The Minamoto clan was an extended family group which dominated Japanese government and the imperial court in the 12th and 13th centuries CE. The clan famously defeated their arch rivals the Taira in the Genpei War of 1180-1185 CE and included such famous figures as Minamoto no Yoritomo, Japan’s first shogun ruler.
Japan’s Clan System
From the 9th century CE in Japan, the process known as 'dynastic shedding' removed individuals from the dynastic lineage because the royal family became too large and too costly to maintain. With emperors having as many as 50 children, even direct descendants were removed from the royal line and given one of two family names: Minamoto (aka Minamoto-Shi or Genji) or Taira (aka Hei-Shi or Heike). The Minamoto name was first given as a surname to the children removed from the direct line of descent of Emperor Saga (r. 809-823 CE). The name Minamoto or Genji translates as 'spring' or 'fount'. Eventually, the family group expanded as successive emperors awarded the title name so that there were many different branches, for example, descendants of Emperor Seiwa (r. 858-876 CE) were known as 'Seiwa Genji'.
Hachiman as Patron
In the 11th century CE, Hachiman, the Shinto god of war, divination, and culture, was selected as the symbolic head and patron of the Minamoto clan, who could then claim lineage back to Emperor Ojin, considered an avatar of the god. Yorinobu (968-1048 CE) was the first Minamoto to make this claim in 1046 CE. Yoriyoshi (988-1075 CE), Yorinobu's son, strengthened the family ties to Hachiman by citing the god as the reason for his victory in the Earlier Nine Years War in 1062 CE against the Abe clan of Mutsu, who were Emishi tax evaders. Yoriyoshi built a shrine at Yui-no-go in Sagami (moved to Kamakura in 1191 CE), and from that point on ever more shrines were built, all funded and protected by the Minamoto.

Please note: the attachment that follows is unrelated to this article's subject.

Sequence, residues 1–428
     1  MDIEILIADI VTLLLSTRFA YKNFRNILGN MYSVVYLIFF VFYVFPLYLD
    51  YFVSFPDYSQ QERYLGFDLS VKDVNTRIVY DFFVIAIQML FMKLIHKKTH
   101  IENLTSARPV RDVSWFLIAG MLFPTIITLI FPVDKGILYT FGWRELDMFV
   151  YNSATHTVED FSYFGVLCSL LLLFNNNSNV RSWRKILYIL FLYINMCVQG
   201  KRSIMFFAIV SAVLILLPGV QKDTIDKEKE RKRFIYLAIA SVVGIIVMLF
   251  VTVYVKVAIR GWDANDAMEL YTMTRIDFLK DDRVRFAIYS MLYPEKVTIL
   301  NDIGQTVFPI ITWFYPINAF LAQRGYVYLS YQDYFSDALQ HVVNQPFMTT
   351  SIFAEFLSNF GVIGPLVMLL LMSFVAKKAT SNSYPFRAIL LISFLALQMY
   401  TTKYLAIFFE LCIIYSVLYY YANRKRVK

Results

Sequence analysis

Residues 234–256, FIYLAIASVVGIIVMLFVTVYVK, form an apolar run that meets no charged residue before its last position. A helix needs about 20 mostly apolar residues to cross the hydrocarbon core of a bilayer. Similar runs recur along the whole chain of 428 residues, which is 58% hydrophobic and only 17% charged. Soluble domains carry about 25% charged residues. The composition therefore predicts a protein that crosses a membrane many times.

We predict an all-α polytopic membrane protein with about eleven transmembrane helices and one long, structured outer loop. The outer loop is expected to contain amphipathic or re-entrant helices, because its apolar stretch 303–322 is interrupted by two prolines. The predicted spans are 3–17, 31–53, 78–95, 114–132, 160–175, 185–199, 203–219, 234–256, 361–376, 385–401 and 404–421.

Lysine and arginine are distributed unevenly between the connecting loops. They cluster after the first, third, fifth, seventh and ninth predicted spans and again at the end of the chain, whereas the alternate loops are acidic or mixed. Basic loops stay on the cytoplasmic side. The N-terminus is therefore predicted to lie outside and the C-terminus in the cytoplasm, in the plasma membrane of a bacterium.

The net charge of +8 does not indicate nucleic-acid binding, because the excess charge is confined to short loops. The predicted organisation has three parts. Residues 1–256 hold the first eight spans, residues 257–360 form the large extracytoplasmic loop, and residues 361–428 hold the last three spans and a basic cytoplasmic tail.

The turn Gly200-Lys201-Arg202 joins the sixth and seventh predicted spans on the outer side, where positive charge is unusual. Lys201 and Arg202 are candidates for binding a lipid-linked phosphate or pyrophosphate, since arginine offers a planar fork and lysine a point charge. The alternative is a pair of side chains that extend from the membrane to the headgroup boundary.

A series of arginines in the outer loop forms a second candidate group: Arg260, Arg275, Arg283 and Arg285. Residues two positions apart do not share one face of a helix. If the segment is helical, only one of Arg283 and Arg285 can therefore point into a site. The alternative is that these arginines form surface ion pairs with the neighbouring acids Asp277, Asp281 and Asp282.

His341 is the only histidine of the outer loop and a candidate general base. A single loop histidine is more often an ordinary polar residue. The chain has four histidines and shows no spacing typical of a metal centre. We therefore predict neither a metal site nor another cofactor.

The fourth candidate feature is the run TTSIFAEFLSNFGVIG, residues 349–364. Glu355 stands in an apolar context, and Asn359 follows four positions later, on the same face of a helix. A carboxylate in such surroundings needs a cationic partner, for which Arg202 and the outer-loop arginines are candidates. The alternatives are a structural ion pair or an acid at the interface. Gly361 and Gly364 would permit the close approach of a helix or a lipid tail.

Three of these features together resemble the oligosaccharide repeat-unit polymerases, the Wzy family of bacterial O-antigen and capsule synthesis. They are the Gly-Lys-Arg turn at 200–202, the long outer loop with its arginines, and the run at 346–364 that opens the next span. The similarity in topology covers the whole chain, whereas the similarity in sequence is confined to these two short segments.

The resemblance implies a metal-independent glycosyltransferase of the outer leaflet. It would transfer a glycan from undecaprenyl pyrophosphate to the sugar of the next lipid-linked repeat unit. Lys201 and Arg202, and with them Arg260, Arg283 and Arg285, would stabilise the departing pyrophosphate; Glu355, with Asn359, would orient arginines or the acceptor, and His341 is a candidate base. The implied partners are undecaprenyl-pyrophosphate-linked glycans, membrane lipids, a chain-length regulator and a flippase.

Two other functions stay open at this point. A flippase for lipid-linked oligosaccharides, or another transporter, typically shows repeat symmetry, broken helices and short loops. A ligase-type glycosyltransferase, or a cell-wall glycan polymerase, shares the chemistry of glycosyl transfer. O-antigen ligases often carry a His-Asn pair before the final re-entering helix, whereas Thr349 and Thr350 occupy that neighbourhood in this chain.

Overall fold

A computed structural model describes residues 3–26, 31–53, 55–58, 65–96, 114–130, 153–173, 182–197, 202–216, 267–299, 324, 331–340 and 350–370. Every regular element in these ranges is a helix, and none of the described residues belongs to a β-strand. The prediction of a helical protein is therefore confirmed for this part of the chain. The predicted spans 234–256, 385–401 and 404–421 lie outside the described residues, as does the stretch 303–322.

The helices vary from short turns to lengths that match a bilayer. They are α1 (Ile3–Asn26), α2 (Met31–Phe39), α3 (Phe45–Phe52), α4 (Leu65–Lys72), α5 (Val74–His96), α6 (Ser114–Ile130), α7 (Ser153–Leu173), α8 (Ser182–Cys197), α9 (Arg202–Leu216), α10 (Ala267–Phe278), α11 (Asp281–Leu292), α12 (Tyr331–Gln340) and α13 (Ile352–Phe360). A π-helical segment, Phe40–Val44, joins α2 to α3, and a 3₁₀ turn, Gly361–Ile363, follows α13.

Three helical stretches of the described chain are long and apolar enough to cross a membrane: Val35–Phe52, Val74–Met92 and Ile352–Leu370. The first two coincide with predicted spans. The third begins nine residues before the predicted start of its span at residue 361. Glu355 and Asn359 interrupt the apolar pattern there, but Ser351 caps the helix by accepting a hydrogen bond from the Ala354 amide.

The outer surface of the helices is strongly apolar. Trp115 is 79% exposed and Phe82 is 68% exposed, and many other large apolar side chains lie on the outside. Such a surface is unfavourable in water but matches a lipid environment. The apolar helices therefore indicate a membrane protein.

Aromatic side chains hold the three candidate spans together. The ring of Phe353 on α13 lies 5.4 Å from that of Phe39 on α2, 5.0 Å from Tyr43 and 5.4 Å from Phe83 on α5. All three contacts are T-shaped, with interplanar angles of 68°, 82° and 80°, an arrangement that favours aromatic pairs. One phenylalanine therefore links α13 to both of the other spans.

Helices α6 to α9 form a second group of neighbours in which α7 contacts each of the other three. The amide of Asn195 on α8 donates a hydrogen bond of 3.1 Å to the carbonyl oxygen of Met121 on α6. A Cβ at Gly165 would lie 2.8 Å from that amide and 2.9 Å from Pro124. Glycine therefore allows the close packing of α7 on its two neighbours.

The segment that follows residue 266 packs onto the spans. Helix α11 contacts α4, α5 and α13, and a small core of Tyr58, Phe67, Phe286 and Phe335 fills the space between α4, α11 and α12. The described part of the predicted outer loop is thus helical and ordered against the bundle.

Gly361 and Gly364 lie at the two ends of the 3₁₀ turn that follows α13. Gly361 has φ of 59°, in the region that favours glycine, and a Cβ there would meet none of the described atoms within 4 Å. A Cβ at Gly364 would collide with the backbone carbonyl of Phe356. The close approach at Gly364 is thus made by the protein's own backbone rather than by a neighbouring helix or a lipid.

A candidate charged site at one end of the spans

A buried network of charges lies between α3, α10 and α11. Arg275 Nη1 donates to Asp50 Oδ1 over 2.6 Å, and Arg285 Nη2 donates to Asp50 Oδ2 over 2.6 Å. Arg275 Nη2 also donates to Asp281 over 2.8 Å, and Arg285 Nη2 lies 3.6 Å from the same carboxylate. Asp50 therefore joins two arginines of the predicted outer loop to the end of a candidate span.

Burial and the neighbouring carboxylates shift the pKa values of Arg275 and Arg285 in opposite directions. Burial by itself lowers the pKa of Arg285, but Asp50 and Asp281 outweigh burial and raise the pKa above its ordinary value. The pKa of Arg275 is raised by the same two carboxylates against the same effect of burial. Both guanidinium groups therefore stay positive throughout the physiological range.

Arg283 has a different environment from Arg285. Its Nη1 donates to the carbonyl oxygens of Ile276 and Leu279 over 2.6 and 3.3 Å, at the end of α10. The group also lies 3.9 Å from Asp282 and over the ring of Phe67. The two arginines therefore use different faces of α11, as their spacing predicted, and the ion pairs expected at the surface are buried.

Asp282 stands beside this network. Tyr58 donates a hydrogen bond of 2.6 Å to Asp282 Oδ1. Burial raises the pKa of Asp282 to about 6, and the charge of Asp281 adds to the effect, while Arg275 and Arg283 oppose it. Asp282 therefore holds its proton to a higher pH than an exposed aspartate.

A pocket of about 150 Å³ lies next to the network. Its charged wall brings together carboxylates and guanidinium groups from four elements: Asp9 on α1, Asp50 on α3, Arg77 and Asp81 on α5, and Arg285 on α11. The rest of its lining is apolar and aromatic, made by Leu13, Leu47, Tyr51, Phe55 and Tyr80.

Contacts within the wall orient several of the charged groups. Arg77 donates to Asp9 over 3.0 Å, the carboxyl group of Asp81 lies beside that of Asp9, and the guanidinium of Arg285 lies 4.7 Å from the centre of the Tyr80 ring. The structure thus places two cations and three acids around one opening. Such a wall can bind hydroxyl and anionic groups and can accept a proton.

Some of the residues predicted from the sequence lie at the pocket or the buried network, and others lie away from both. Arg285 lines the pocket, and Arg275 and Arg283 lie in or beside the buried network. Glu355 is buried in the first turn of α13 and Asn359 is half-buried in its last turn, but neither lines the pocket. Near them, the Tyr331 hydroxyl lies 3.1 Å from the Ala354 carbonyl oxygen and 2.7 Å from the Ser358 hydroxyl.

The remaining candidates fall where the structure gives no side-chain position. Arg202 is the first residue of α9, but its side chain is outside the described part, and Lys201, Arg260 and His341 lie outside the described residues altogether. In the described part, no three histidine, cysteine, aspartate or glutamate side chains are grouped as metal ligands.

Yoriyoshi’s son Yoshiie (1042-1103 CE) was an equally formidable warrior, and he came to be known as Hachimantaro or 'First Son of Hachiman'. The legendary hero was named after the god following a dream by his father where Hachiman gave the youth a sword. Hachimanto was a famed archer, credited with being able to fire an arrow through three men at once, and he was the main reason the Japanese defeated the Ezo people of northern Honshu.
Minamoto v Taira
Both the Minamoto and Taira were militarily powerful and a bitter rivalry developed between them with each claiming a rightful inheritance to the throne. The aristocracy at court depended on one of the families according to their particular allegiance, and added to the mix was the influential Fujiwara clan which had provided regents throughout the Heian Period (794-1185 CE).
Almost inevitably armed conflict broke out between the rival clans, notably in the 1156 CE Hogen Disturbance when the two sides claimed the throne vacated by the death of retired Emperor Toba. The Taira prevailed, but 1160 CE saw another outbreak in hostilities with the Heiji Disturbance which involved, too, the Fujiwara clan. Once again the Taira were the winners.
The Genpei War
The Minamoto were not finished, and an even more significant battle for power broke out in 1180 CE with the Genpei War (Genpei No Soran). In the civil war, also known as the Taira-Minamoto War, the Minamoto now had the support of Mochito, the son of ex-emperor Go-Shirakawa, and they formed a rebel army led by Minamoto no Yoritomo.
Initially, the Taira did well with their commander Taira no Tomomori defeating Minamoto forces led by Minamoto no Yorimasa in 1180 CE and Minamoto no Yukie in 1181 CE at the Sunomata River. Things began to swing in favour of the Minamoto when a large rebel army led by Minamoto no Yoritomo scared off a smaller Taira force and he gained control of the Kanto region in eastern Japan by taking advantage of widespread disaffection with Taira rule, especially their policy of redistribution of land rights. Meanwhile, Kiso Yoshinaka, a cousin of Yoritomo, was causing havoc in the Kiso Mountains of Shinano, and in 1183 CE, he defeated a large Taira army at Kurikara in Etchu, clearing the way for an assault on the capital Heiankyo (Kyoto).